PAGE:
By Rocks Off
By Chris Lane
By Angelica Leicht
By Corey Deiterman
By Angelica Leicht
By Corey Deiterman
By Corey Deiterman
It's been one misunderstanding after another, a veritable comedy of errors. Justice Records took the first arguably misplaced step, releasing the Jinkies "Instant Kar Krash" as a vinyl single with the song's lyrics printed prominently on the sleeve, revealing once and for all what most Jinkies' fans, positioned on the business end of a high decibel P.A. system, had happily neglected to notice: the sheer and utter vapidity of lines such as "Are you feeling dizzy / Don't it feel real good / Keep a spin-a-linging / And catch a brand new buzz / Oh slick butterfinger / Don't it sound real nice / It goes great with those waffles / You had the other day / Dizzy in a haze."
The second mistake was mine, when I mentioned to Jinkies second vocalist Giancarlo Caffarena (in passing and, I thought, good fun) that those lines constituted perhaps the dumbest lyrics I had ever heard. Apparently Caffarena took it personally, which set up an awkward moment one recent Saturday night at the Abyss, when Caffarena -- facing an imposingly tiny audience of me, the sound guy, the barkeep, the band's manager, and about nine others -- decided to devote some between-song patter to my observation. "Hey Carlos," he said, addressing 23-year-old Jinkies guitarist/lyricist/singer/frontman Carlos DeLeon. "You know, Brad Tyer thinks those are the stupidest lyrics he's ever heard."
Which prompted DeLeon to inform me and the few other surely uninterested bystanders that, well, he'd written that song watching Speed Racer and tripping on acid on a couch in Austin in 1991, so there, and what's more, who gives a fuck?
That, fortuitously enough, brings us neatly around to the point, which is this: if you give a flying leap about any of the above, it is surely at the expense of the self-evident truth that "Instant Kar Krash" is the single bitchin'-est tune to rise above the mire of the Houston rock underground in at least a year. And the lyrics that I thought were so stupid (and in all truth, they remain stunningly dumb) turn out, upon further reflection, to be an integral part of an encompassing bubble-gum package that's making musical, mindless, non-threatening rock and roll fun something you can once again have in front of a Houston stage. "Yummy yummy yummy, I've got love in my tummy" never won any profundity prizes either, but thank god it's had a more lasting influence on American pop music than anything Rush ever did.
In fact, the Jinkies Question (as I like to call it) hasn't a damn thing to do with the literary quality of the band's lyrics, and even less to do with what I might happen to think of them on any given night. The Jinkies Question, perhaps inevitable in the current local rock Zeitgeist, is this: can the Jinkies go where no Houston rock band has gone before (or at least where no Houston rock band has gone since King's X made its stab at national attention some ten years ago)?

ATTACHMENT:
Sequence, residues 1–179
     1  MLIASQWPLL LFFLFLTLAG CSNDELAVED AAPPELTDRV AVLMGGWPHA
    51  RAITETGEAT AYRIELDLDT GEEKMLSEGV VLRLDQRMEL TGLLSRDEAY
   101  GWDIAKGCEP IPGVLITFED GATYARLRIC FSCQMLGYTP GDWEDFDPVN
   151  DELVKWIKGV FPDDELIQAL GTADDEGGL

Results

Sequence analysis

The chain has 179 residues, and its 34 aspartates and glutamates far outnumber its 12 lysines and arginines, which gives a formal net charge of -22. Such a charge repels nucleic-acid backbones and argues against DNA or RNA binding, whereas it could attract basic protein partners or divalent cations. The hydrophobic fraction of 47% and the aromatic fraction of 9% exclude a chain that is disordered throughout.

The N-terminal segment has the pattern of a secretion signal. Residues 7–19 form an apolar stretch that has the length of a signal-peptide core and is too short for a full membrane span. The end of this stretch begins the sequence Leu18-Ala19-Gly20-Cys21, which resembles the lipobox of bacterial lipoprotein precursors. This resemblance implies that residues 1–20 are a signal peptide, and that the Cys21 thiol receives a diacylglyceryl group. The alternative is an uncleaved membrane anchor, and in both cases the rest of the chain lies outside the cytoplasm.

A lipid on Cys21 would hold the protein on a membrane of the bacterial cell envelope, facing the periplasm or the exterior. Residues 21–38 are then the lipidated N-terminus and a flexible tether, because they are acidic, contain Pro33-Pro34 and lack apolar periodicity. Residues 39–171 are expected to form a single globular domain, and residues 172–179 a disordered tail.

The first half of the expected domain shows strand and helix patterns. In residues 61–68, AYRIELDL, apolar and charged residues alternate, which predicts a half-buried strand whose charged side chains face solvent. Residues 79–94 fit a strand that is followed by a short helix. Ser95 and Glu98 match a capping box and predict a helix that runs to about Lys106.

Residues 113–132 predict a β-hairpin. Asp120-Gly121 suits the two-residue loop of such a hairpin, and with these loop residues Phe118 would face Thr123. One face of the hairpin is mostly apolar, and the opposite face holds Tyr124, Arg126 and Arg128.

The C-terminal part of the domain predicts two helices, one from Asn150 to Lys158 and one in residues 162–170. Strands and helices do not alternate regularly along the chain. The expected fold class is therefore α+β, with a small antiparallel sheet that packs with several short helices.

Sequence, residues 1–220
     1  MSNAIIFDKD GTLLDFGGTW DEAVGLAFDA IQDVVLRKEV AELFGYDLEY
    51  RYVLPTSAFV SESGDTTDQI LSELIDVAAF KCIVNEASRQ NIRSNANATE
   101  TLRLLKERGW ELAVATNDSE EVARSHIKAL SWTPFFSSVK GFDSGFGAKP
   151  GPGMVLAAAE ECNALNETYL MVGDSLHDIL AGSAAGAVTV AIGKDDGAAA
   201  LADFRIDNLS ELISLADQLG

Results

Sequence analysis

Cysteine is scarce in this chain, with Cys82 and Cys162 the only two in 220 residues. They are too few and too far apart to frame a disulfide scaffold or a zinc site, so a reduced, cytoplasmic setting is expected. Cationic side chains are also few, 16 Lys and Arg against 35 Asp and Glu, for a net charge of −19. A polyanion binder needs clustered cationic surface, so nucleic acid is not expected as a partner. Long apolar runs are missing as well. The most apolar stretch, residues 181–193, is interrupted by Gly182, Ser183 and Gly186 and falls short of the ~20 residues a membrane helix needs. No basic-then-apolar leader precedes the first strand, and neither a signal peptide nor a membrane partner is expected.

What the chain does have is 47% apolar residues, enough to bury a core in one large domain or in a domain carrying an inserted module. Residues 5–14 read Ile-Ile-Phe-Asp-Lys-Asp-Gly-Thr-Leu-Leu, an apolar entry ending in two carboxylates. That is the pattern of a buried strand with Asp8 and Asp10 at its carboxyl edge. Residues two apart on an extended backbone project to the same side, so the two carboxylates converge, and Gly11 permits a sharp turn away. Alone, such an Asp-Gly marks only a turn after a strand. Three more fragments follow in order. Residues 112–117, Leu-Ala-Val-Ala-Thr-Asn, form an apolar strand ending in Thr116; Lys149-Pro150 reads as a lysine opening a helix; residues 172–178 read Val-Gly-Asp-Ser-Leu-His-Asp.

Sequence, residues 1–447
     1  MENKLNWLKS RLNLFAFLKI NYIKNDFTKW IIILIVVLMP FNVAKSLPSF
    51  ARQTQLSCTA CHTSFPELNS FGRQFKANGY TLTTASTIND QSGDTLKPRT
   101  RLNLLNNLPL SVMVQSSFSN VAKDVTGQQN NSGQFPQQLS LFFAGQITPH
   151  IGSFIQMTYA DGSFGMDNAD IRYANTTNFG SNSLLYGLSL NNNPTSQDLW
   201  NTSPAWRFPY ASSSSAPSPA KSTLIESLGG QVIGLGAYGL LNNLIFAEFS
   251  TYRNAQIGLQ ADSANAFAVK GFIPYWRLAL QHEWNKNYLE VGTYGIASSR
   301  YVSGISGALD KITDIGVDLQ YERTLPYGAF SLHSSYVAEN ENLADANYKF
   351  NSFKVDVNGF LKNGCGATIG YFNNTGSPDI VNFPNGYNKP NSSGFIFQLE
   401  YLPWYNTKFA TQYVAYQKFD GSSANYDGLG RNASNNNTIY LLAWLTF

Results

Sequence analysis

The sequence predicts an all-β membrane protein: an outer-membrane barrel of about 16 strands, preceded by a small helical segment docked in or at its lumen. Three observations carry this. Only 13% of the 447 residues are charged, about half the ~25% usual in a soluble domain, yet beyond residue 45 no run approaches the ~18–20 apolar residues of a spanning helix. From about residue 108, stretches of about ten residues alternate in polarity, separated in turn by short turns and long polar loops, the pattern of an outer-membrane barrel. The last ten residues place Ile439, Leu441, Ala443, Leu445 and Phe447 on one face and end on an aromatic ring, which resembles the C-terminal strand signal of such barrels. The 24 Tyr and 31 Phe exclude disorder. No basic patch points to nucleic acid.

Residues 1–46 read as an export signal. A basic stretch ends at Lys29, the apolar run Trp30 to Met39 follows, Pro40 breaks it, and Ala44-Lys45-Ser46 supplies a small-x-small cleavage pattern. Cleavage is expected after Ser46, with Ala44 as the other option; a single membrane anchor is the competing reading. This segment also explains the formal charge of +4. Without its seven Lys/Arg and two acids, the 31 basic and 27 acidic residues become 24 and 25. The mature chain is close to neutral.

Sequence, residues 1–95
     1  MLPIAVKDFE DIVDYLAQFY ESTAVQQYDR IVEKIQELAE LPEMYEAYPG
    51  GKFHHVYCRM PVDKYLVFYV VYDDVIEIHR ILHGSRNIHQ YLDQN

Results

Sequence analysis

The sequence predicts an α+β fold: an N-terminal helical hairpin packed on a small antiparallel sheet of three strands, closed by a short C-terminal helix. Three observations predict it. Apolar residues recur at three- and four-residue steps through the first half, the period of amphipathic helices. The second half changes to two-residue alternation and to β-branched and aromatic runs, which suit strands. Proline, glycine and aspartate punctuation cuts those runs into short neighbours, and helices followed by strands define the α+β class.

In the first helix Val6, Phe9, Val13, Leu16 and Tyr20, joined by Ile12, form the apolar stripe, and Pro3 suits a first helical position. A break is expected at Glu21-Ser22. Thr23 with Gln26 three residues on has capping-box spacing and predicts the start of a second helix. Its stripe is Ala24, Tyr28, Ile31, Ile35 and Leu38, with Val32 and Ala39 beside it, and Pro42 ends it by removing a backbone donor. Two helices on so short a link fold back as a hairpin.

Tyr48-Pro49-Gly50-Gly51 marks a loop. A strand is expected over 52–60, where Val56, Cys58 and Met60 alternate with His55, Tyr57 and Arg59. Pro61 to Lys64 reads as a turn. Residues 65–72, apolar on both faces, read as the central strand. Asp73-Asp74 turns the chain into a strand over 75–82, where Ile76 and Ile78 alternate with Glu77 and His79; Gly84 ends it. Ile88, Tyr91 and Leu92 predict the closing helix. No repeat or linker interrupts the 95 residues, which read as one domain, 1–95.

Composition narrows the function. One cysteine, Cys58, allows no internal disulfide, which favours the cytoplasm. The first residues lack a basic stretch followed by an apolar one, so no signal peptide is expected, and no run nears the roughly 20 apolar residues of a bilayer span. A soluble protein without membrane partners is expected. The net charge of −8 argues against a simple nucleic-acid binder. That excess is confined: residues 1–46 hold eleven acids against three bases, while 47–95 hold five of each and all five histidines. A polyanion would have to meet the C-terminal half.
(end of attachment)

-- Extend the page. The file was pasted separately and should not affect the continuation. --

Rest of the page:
The question of whether the Jinkies can be Houston's latest great rock hope isn't particularly pressing in the minds of Caffarena, DeLeon and his younger brother, drummer Mike, all of whom exude a well-developed grasp of the who-gives-a-shit attitude endemic to Houston's industry-shy underground. The Jinkies, predictably enough, just dig playing. To hear them tell it, any eventuality that might allow them to quit their slacker day jobs and take the show on the road would simply be icing on the cake, an after-the-fact bonus. But to enthusiastic band management, supportive local club owners, King's X and Galactic Cowboys guru Sam Taylor (who came out of semi-retirement to produce the Jinkies' demo), and a slew of scenesters who elected the Jinkies "Band of the Year" in a recent Public News reader poll, the question matters.
On the strength of the five-song demo tape presently being shopped around to labels, it's not hard to see why. The Jinkies write honest-to-god songs, with hooks and choruses and everything. And as disciples of a pop aesthetic that, according to DeLeon, tracks back to the Beatles' White Album, they've already mastered a simple skill that too many groups -- local and otherwise -- never seem to learn: they know when to stop. Ambitious bands have battled the idea since it was first recognized, but the plain fact of the matter is that a pop song that can't do its thing in two minutes and 45 seconds is a pop failure. With "Instant Kar Krash," especially, and to a slightly lesser extent the rest of the demo, the Jinkies get in, do the job and get out, which makes them prime candidates, in a local scene filled with wannabes and shouldabeens, for the elusive prize of wider recognition.
The DeLeon brothers began their quest, such as it is, in Austin, where they teamed with a bassist to form Meat Lovers Pizza, a self-described "bad garage band" that relied on screeched vocals and inside jokes to garner, over the course of several years, a more-or-less insignificant Austin audience. When the DeLeons moved back to their hometown of Houston, Carlos hooked up with Caffarena, a buddy from his Strake Jesuit high school days. Caffarena had been lending his session-man skills to acts as diverse as Rap-a-Lot Records' Black Monks, David Rice and Bloodfart, and was at the time playing with Sleeping Venus (a band that later evolved into Milkweed). Carlos joined Sleeping Venus as guitarist, but it wasn't long before informal jam sessions, and the desire for a vehicle to display DeLeon's precocious songwriting and Caffarena's accomplished musicality, led to the forming of the Jinkies.